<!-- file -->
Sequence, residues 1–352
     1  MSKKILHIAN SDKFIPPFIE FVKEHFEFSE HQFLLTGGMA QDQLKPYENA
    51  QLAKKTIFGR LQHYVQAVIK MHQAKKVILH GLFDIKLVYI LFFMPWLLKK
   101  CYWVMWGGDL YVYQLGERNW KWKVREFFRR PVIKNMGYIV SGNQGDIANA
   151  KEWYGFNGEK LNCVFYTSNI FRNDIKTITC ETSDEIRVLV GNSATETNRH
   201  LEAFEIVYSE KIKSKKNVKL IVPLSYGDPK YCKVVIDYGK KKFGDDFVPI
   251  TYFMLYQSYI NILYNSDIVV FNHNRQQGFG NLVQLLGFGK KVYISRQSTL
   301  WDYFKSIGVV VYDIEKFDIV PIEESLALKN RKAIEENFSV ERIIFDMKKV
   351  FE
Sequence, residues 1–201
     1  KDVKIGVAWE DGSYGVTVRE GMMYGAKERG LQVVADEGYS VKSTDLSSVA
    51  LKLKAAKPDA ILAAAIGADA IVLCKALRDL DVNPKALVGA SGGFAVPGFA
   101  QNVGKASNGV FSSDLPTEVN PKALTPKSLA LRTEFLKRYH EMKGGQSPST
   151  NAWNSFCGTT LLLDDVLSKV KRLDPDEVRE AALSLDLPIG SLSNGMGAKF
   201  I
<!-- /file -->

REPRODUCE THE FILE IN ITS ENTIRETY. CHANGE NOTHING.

Sequence, residues 1–352
     1  MSKKILHIAN SDKFIPPFIE FVKEHFEFSE HQFLLTGGMA QDQLKPYENA
    51  QLAKKTIFGR LQHYVQAVIK MHQAKKVILH GLFDIKLVYI LFFMPWLLKK
   101  CYWVMWGGDL YVYQLGERNW KWKVREFFRR PVIKNMGYIV SGNQGDIANA
   151  KEWYGFNGEK LNCVFYTSNI FRNDIKTITC ETSDEIRVLV GNSATETNRH
   201  LEAFEIVYSE KIKSKKNVKL IVPLSYGDPK YCKVVIDYGK KKFGDDFVPI
   251  TYFMLYQSYI NILYNSDIVV FNHNRQQGFG NLVQLLGFGK KVYISRQSTL
   301  WDYFKSIGVV VYDIEKFDIV PIEESLALKN RKAIEENFSV ERIIFDMKKV
   351  FE
Sequence, residues 1–201
     1  KDVKIGVAWE DGSYGVTVRE GMMYGAKERG LQVVADEGYS VKSTDLSSVA
    51  LKLKAAKPDA ILAAAIGADA IVLCKALRDL DVNPKALVGA SGGFAVPGFA
   101  QNVGKASNGV FSSDLPTEVN PKALTPKSLA LRTEFLKRYH EMKGGQSPST
   151  NAWNSFCGTT LLLDDVLSKV KRLDPDEVRE AALSLDLPIG SLSNGMGAKF
   201  I